Author: Alastair Millar

I was on my way to Marvin’s to relax after a crappy day when opportunity reared its ugly head.

It had all started with my boyfriend telling me that “we weren’t working out” – but only after he’d stayed the night and let me make him breakfast, of course. Turned out he was dumping me so that he could share quarters with one of those slutty odalisques from the Ares Lounge’s famous Living Tableaux instead. Scumbag.

Then my shift manager had got on my case all afternoon about not having moved enough rubble this week. I told her, there’s a lot more iron in those rocks than we were told, and that means they’re harder for my boys and girls to break up, dammit, but no, apparently Mars is going to fall to pieces if the new shuttle pad isn’t cleared by yesterday, and it’s all my fault. Bitch, it’s never her getting her hands dirty.

So yeah, I needed a drink or five, some prettyboy holos to watch, and maybe some recreational sniffers if they weren’t too expensive this week – you know how prices always go up as the supply runs low, and TransCorp’s last delivery was a while back.

The roar and the bright light caught me on Gagarin Avenue, as I was walking past Central Hub’s tourist centre and trying to ignore its garish scrolling ads. I was unexpectedly airborne for a few seconds, and then everything went black.

When I woke up, I was here, in a ward full of strangers. It was tempting to play dumb; if I didn’t give a name, it would be longer before I had to deal with angry screens from my supervisor, or fake sympathy from my newly-Ex. Or anything else requiring actual thought, for that matter. But they’d just scan my iris and run it through Records, so in the end I figured the extra half hour wouldn’t be worth the effort.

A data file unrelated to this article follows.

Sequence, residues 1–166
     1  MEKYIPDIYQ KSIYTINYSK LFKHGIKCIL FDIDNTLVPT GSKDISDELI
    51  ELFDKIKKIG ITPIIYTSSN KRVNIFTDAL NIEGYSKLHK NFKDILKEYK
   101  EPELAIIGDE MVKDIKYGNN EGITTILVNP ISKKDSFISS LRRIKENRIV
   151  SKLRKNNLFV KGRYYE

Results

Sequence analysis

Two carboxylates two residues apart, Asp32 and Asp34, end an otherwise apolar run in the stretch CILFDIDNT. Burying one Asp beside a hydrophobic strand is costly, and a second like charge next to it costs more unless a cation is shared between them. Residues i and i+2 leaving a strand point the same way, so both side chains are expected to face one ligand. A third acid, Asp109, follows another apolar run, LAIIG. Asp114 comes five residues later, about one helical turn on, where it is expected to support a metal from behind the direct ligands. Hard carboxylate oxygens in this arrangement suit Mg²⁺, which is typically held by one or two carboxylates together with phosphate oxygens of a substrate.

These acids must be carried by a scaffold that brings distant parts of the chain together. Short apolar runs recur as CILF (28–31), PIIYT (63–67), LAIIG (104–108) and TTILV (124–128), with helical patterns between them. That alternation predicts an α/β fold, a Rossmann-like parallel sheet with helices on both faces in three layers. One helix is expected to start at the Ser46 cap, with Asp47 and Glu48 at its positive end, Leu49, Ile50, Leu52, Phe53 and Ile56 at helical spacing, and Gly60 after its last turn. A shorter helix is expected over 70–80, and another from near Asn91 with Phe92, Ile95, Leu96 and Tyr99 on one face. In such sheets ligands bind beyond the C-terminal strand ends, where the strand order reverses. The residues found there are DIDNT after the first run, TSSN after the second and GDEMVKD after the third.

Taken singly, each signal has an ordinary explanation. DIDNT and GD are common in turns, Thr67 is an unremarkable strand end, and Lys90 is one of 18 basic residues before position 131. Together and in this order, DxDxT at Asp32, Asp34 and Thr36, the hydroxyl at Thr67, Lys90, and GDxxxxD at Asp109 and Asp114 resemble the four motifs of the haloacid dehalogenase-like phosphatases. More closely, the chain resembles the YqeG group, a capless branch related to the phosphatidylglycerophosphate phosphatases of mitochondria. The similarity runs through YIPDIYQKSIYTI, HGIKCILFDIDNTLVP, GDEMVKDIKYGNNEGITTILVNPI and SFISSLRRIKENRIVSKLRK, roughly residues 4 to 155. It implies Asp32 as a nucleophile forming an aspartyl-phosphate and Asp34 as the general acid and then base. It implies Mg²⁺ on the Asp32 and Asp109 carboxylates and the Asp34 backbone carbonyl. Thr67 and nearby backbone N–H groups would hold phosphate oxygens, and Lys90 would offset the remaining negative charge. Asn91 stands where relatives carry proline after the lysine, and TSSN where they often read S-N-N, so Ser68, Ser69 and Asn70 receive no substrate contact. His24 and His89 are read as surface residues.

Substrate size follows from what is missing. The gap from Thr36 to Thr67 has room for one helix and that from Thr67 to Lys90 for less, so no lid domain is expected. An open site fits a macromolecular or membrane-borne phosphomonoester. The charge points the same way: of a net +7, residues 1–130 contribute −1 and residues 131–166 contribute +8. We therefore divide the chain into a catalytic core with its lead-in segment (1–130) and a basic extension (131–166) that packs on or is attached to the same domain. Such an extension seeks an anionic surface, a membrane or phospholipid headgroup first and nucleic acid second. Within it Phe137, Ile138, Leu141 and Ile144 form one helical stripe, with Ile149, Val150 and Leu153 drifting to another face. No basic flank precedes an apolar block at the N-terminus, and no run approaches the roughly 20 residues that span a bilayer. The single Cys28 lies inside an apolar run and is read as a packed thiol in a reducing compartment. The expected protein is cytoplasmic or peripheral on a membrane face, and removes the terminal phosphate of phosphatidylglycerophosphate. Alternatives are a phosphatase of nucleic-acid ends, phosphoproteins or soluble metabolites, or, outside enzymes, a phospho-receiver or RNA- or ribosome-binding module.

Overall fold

A nurse who looked far too young to have qualified for an off-Earth posting told me that I’d been caught in a terrorist attack: the Arean League making a splash. Apparently they want a new start for the planet, by which they mean independence and something they call a “reset to harmony”. Sounds good, I could use one myself.

So here I am. The busted rib alone’s going to keep me out of my suit for a few weeks, and they say I’ll need physio before I can walk properly again. All for somebody else’s ideals. Guess I’m here for the duration. But at least I’ll be able to catch up on the soaps, and relax for a bit, with nobody on my case.

And in a few minutes, that handsome doctor’s due back, sympathetic and caring, with those deep blue eyes I could happily drown in. The girl in the next bed told me she knows his mother, and he’s still single because he was born a Martian, not a Terran. Most people don’t want a relationship that would have to end when they went back Earthside. Me, I always meant to be here for the long haul anyway, so if other people want to get hung up on stupid things like that, I’m happy to take advantage.

Somewhere in the background, hospital radio is playing, an old Industrial Era classic about love and how there’s got to be some good times ahead. Thanks Freddie, it feels right. Now to make it happen.